The Wall Street Journal recently interviewed Secretary of Education Betsy DeVos at the CEO Council. The Journal noted that education is consistently a top concern of executives at the paper. Preparing youth for the jobs of today, as well as the evolving workplace of tomorrow is a challenge that many business leaders think we are not meeting.
The secretary spoke about how American education can better rise to the challenge and the role of the Federal government in making it happen. Mr. Matt Murray asked, “We’ve heard a lot during this conference about artificial intelligence, the digitization of the workplace and changes already taking place. After a year on the job what is your opinion of U.S. workers today for this world and the world that’s coming?”Secretary DeVos said we have a lot of room for improvement. There are those who leave high school and college well prepared, but much of the system we have relied on in education for decades tend to be backward looking versus forward looking.
It is the secretary’s goal to empowering parents and students to find the education environment that is right for them, that is going to stoke the curiosity that is innate in every child and not kill it by the time they’re in third or fourth grade. The secretary was concerned with the myth that all 12th graders must go on to college. For several decades, we have given the message that the only successful path to adult life is through a four-year college or university and that has been at the expense of lots of great opportunities.
The Journal asked, how prepared are our children? Answer – children starting kindergarten this year face a prospect of having 65 percent of all the jobs they will ultimately fill not yet having been created. What employers will want to see are skills in four areas: critical thinking skills; the ability to collaborate and work well with others, as we do in all of the rest of life, but not so much in school; the ability to communicate well both orally and in written communication; and then creativity. Most observers feel these needs are not being met.
SecretaryDeVos thinks the states can do more and thinks the new plans being implemented under the ‘Every Student Succeeds Act’ is a great first step.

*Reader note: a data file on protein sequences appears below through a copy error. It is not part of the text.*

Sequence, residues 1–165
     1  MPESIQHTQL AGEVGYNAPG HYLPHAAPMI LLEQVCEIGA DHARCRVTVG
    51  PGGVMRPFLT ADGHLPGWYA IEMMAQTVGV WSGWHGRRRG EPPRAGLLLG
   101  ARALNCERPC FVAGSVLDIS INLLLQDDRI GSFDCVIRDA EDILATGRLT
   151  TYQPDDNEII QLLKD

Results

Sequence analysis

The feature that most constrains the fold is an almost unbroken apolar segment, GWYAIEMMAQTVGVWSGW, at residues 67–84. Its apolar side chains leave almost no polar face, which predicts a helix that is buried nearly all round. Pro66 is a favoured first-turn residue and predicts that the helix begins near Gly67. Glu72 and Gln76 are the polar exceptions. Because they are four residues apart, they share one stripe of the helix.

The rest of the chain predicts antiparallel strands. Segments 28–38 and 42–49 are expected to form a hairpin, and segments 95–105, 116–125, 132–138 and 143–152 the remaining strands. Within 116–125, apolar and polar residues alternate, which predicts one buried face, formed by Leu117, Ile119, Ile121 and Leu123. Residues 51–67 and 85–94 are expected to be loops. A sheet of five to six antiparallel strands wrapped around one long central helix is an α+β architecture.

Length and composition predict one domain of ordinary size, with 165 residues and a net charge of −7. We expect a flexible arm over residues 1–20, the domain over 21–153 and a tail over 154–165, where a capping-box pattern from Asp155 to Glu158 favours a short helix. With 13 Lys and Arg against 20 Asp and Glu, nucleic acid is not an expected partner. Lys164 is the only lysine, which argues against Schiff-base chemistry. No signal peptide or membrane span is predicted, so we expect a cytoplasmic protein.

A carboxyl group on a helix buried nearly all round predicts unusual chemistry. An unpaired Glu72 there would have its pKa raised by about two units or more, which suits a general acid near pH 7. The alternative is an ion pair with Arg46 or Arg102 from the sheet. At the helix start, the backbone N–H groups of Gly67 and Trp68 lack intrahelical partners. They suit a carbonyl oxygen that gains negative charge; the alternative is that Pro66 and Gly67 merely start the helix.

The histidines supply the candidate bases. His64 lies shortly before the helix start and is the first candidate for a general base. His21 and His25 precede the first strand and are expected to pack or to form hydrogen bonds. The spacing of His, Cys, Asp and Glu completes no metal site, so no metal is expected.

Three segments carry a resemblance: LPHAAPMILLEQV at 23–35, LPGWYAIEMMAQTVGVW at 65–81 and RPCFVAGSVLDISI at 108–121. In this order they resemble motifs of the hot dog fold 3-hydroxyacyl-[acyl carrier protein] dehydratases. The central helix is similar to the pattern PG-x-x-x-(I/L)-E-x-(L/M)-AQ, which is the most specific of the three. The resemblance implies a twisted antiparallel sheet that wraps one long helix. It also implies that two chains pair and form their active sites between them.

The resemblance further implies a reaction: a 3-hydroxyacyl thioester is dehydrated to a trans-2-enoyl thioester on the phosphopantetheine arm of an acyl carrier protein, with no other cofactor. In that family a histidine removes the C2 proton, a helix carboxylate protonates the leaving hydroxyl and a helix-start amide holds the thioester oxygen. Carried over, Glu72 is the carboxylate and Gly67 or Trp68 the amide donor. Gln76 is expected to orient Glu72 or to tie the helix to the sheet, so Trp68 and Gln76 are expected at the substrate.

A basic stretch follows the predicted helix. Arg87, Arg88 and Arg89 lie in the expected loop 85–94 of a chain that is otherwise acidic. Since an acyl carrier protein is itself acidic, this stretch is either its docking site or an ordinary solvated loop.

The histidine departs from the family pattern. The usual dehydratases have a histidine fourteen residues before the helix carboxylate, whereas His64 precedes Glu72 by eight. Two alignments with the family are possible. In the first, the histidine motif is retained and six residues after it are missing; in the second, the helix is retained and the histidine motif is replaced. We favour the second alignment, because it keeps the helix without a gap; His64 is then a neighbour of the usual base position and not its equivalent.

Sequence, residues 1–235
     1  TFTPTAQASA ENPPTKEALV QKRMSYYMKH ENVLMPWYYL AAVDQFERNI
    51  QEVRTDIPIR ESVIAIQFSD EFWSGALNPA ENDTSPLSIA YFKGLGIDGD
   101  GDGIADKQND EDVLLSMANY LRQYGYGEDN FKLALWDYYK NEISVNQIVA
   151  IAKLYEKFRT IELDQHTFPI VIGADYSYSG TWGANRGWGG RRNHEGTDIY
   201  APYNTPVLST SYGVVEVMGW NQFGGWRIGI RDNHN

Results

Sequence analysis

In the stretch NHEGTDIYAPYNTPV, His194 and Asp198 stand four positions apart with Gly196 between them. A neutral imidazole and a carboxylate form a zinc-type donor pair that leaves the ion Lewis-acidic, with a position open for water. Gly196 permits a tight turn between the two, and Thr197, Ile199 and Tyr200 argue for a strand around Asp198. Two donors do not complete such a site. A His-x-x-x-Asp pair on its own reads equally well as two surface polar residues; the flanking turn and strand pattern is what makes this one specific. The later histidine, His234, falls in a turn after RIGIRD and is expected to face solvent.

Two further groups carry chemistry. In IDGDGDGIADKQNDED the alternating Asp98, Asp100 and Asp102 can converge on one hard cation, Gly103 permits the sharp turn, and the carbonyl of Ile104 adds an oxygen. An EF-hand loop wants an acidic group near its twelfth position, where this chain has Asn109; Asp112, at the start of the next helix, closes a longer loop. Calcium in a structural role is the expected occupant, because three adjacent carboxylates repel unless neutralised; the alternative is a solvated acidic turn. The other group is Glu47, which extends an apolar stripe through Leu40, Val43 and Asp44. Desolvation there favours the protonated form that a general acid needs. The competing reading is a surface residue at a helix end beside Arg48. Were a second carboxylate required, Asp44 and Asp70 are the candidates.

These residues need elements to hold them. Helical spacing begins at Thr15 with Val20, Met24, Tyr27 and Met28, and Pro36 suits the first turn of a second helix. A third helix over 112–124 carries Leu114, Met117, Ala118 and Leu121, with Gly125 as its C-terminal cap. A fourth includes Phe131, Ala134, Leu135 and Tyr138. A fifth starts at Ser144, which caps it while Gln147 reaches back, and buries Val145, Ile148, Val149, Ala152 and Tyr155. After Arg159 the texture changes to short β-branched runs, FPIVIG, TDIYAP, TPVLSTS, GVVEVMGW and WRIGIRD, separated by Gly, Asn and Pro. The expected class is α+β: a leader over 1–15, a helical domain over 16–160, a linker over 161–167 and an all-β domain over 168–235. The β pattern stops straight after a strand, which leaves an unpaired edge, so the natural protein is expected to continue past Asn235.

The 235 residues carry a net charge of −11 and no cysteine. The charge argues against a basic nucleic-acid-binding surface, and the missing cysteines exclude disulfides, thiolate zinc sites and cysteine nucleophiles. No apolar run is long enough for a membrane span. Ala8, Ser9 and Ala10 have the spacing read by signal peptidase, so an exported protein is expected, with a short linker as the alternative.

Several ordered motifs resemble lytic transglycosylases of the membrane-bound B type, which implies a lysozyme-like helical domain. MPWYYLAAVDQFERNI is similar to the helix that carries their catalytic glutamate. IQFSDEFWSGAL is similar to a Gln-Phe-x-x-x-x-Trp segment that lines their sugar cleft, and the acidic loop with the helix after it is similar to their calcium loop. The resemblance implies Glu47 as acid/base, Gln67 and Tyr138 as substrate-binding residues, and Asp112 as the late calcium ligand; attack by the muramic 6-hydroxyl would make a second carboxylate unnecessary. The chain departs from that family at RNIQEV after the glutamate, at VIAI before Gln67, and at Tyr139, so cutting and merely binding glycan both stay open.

But what should be the minimal acceptable education attainment? Her answer is most if not all of us in this room have had the ability to choose our children’s educational settings. The reality is many parents must have more say in their children’s education and have more opportunity through school choice and vouchers.
For those not going on to college, we must have excellent vocational schools and other options. Mrs. DeVos says, “Today we know that only about 30 percent of students will ultimately ever graduate from a four-year college. There are 6.1 million jobs that require some level of education beyond high school that are unfilled.
Students need to be exposed to these opportunities and a good example are businesses that work closely with their local community colleges where students can earn a two-year degree or certificate.
Last week, Governor Mary Fallin took a huge step in preparing Oklahoma youth for future jobs. The governor issued an executive order that instructed the Oklahoma State Board of Education to compile a list of school districts that spend less than 60 percent of their budgets on instructional expenditures and then make recommendations for administrative consolidation or annexation.
As Oklahomans know, we pay for way more administration than is necessary. At one time, each county had a school superintendent along with school districts supers. Oklahoma has 515 school districts many of which only have a few hundred students. These districts can’t afford AP class, labs, etc. They are not preparing students for the future and should be consolidated.
State superintendents should not be confused, baffled or angry. This is a long overdue process and the State Board of Education should totally support it.